Learning to be “Out of Time”

November 4, 2015

It’s not uncommon. I’ve heard it from students I spend time with. “I don’t have enough time!”

Whether it’s time for studies or time to clean up their living space or time to find a job or time to hang with friends or (what is more important to my way of thinking) time for life with God, time seems to be at a premium.

A recent study released by Common Sense Media out of San Francisco reports that older teens spend, on average, over eight hours a day on “entertainment media.” They’re checking social media, scrolling through and listening to music, watching online videos, chatting and texting with others. That’s more time than they typically spend sleeping. And that doesn’t include the time they’re using their smart devices for (supposedly) school-related work.

I think the tendency will be to put the blame on the accessibility of so many electronic devices and diversions. But I wonder if there might just be another component worth considering.

Jesus said, “Everyone, after he has been fully trained, will be like his teacher” (Luke 6:40). That’s has some serious implications. The idea seems to be that everyone learns to do life the way he or she is doing it because of the influence of those she or he is modeling after.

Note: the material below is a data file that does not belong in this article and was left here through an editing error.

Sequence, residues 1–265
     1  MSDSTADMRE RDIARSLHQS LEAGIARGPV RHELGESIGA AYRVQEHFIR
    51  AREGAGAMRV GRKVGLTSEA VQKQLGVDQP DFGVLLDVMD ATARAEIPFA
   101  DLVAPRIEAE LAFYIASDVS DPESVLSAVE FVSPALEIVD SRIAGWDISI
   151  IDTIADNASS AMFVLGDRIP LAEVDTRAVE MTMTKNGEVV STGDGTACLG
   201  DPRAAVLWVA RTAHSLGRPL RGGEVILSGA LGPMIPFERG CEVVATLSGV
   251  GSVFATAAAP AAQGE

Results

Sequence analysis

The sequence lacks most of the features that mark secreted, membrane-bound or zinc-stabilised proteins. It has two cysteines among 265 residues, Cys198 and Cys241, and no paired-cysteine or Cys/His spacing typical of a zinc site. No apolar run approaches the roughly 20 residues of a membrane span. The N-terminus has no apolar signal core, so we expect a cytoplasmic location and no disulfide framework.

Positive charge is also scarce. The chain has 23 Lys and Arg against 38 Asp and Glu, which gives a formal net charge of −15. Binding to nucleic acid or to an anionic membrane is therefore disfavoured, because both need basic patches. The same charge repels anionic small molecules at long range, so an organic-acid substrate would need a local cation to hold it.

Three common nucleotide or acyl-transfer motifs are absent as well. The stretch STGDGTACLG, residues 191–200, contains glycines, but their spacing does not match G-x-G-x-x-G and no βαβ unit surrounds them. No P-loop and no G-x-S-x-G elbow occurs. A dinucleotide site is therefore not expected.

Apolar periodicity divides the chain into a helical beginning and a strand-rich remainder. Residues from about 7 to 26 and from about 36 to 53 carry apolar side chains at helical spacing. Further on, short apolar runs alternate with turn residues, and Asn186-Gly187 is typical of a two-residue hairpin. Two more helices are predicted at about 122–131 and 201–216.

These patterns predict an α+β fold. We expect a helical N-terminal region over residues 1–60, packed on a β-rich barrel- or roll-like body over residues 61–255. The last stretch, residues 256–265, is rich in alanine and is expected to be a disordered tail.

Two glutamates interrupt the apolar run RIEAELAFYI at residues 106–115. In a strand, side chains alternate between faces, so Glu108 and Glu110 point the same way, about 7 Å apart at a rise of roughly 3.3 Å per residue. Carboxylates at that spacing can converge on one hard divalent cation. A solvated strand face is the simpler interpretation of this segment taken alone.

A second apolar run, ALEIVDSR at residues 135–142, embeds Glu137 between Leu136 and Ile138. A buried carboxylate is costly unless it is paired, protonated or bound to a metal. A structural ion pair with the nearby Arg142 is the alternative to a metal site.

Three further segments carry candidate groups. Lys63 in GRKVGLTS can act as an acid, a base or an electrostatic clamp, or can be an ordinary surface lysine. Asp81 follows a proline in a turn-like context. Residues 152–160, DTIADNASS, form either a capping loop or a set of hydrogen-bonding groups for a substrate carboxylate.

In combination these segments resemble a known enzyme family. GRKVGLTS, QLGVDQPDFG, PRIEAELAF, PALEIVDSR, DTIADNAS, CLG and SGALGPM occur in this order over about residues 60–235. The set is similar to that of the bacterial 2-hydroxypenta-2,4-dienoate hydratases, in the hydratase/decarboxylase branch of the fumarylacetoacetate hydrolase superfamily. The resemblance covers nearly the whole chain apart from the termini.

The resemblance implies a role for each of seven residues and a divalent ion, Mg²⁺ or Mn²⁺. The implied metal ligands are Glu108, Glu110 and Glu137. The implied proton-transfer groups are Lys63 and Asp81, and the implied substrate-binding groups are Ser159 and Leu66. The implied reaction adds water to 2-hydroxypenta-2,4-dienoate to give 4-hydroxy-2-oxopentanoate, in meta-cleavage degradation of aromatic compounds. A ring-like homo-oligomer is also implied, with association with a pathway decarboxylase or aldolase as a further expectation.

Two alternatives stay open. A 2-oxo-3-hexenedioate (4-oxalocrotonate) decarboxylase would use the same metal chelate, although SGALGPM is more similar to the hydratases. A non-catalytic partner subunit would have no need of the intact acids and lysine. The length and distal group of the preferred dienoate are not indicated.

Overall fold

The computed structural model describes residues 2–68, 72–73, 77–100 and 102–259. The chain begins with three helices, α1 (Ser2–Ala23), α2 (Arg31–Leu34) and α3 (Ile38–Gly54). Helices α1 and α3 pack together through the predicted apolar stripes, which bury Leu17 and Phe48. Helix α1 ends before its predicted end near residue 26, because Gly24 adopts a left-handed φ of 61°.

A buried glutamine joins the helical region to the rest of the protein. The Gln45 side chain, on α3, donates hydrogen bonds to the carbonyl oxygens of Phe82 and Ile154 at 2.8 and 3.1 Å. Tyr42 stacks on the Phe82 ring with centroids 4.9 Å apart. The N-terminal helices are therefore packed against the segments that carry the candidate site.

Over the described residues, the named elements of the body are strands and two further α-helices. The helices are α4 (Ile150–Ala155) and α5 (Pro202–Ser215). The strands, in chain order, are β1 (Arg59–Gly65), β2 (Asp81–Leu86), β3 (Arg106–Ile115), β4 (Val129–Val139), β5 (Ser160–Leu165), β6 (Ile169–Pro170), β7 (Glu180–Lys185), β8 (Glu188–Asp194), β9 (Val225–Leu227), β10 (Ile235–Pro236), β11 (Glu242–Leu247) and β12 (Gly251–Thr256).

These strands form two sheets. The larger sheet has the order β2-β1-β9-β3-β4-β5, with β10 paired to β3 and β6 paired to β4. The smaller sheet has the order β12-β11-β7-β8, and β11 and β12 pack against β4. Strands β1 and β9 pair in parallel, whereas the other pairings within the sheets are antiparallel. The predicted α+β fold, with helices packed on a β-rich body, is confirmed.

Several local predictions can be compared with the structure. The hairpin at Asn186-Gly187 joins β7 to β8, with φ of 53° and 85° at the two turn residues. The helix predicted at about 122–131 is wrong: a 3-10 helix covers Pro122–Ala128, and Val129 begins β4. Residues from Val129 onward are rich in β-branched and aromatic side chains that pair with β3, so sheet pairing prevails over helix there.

That then drives me to consider the possibility that the distractibility and loss of time that has become such a challenge to growing young adults might be, to some degree, something learned . . . from older adults.

I have a lot of meetings in coffee shops and casual eateries these days. I see a lot of people with time on their hands. But that’s not all that’s in their hands. Even when sitting with another person, so many people still have their phone or tablet in their hands. And, it’s not just the young people or the older teens. It’s the adults. For every fifty people I see, there may be two or three who will have a book. And of those few, maybe one has a Bible.

I’m not saying that every time a Christian is out in public or meeting with a friend he or she should have a Bible open. But I do wonder: What is the growing generation learning from watching those who have “gone before”? Do they see many (or any) who are intentional about turning off the electronics, opening the Bible, reading Scripture, and making a spiritual—rather than a social media—connection?

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